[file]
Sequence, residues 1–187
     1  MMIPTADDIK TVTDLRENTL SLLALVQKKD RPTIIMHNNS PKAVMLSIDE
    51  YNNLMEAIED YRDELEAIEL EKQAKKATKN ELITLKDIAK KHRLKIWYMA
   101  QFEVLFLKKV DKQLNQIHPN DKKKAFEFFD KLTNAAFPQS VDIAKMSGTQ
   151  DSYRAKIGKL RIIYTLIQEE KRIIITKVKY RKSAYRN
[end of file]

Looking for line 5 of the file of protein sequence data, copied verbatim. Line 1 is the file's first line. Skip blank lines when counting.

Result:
   151  DSYRAKIGKL RIIYTLIQEE KRIIITKVKY RKSAYRN